Woolly mammoths fighting

Dear Evil Engineer: Can I honour my heritage with a mammoth militia?

Image credit: Dreamstime

A villain feels there is a gap in the market for sieges that go the extra mile to impress.

Dear Evil Engineer,

I recently received by email the results of a DNA test revealing that I’m a descendant of the great military leader Hannibal. On the one hand I was quite surprised as I don’t remember taking a DNA test. On the other hand, this makes a lot of sense, as I’ve never lost a game of Risk and I’ve been treasurer of the regional Warhammer 40,000 Club for the past two years; clearly strategic military brilliance is hereditary!

I would like to honour and incorporate my heritage in my professional life. I run a small business which offers a range of expert sieging services: standard tier (guns), silver tier (guns and tanks), and gold tier (guns and tanks, accompanied by a bespoke pyromusical display and drone photography for a once-in-a-lifetime blockade). I feel it’d be appropriate to introduce a ‘platinum’ tier package incorporating war woolly mammoths, war elephants having been done to death by this point.

Trouble is, apparently woolly mammoths are extinct! Is there some way for me to engineer one?

Yours

A susceptible villain

 

Dear villain,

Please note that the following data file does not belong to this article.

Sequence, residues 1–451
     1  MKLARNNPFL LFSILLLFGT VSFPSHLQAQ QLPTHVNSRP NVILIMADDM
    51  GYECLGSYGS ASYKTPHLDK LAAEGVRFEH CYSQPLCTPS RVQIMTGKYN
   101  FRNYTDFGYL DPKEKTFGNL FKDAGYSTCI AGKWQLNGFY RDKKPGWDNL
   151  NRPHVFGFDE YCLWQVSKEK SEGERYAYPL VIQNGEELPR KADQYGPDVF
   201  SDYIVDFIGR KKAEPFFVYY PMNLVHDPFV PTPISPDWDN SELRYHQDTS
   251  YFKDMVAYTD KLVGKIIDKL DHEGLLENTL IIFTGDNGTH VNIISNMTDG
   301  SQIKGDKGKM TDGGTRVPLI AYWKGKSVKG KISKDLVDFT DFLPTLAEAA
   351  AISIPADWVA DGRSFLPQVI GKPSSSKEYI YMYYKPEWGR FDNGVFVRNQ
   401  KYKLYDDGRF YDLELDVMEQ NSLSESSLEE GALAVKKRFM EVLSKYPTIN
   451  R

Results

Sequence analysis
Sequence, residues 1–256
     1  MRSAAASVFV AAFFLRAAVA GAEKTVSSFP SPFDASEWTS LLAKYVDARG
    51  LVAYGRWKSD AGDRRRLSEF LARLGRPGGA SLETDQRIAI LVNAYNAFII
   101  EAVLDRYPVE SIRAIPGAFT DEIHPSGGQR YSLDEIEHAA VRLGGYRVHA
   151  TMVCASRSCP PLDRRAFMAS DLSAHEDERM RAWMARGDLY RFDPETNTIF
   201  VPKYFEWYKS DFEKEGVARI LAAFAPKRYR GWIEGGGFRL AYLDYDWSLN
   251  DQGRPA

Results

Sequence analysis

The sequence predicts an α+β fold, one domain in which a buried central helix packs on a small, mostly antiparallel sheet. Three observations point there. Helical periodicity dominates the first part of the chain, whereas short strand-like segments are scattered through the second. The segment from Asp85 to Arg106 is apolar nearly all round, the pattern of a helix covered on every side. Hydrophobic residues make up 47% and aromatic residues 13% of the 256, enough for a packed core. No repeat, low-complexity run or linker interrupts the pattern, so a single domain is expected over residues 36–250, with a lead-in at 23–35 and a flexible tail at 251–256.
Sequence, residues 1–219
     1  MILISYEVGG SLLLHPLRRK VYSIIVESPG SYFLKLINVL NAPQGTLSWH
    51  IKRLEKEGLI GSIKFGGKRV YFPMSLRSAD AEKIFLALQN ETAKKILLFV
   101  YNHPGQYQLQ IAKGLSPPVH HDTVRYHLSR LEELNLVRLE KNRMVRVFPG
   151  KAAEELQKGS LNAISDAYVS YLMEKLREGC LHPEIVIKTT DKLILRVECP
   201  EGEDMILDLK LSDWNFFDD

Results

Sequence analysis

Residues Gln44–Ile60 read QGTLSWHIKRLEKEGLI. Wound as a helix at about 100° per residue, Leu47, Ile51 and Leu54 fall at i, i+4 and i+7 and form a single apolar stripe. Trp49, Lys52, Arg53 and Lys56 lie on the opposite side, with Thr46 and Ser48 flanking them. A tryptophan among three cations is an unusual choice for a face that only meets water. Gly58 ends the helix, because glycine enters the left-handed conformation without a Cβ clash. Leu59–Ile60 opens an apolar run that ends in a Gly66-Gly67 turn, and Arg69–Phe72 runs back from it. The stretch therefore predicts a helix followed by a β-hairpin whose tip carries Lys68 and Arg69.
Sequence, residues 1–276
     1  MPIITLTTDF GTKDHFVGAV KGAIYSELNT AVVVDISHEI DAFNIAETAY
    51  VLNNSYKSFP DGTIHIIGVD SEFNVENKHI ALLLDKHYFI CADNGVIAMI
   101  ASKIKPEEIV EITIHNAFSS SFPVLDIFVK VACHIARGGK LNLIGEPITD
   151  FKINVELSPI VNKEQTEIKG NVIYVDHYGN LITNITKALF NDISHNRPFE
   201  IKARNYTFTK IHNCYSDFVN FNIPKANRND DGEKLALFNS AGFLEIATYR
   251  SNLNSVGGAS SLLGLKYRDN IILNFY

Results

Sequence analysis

What a fascinating thing to learn, especially as Hannibal had no confirmed issue. But what do I know; I’m the Evil Engineer not the Evil Classicist, so you’re probably right!

War elephants are indeed passé by now. Although in antiquity they were terrifying, seemingly unstoppable creatures for charging enemy lines, by the medieval age they were already falling out of favour amid the rise of gunpowder-powered weapons like cannons. Even then, technology could do the job better than elephantry! However, I’m not the descendant of Hannibal, so I’ll not presume to advise you on military strategy.

To the engineering, then. No extinct species attracts as much scientific attention regarding their possible revival as the woolly mammoth. They are charismatic, with close living relatives today (having vanished just 10,000 years ago), and preserved carcasses surface fairly regularly in the thawing Siberian permafrost. In fact, hunters search the uninhabited New Siberian islands every year for mammoth remains, their tusks reaching $250,000 on the Chinese market. However, it is not only moneyed collectors who are interested in these treasures; palaeontologists would be as giddy as goats to find a perfectly preserved mammoth.

Some promising work has been done using these remains. In 2019, for instance, University of Kinki researchers reported in Nature that they had recovered DNA from a 28,000-year-old mammoth called Yuki. This showed some biological activity when implanted into mouse ova (although not enough to prompt cell division).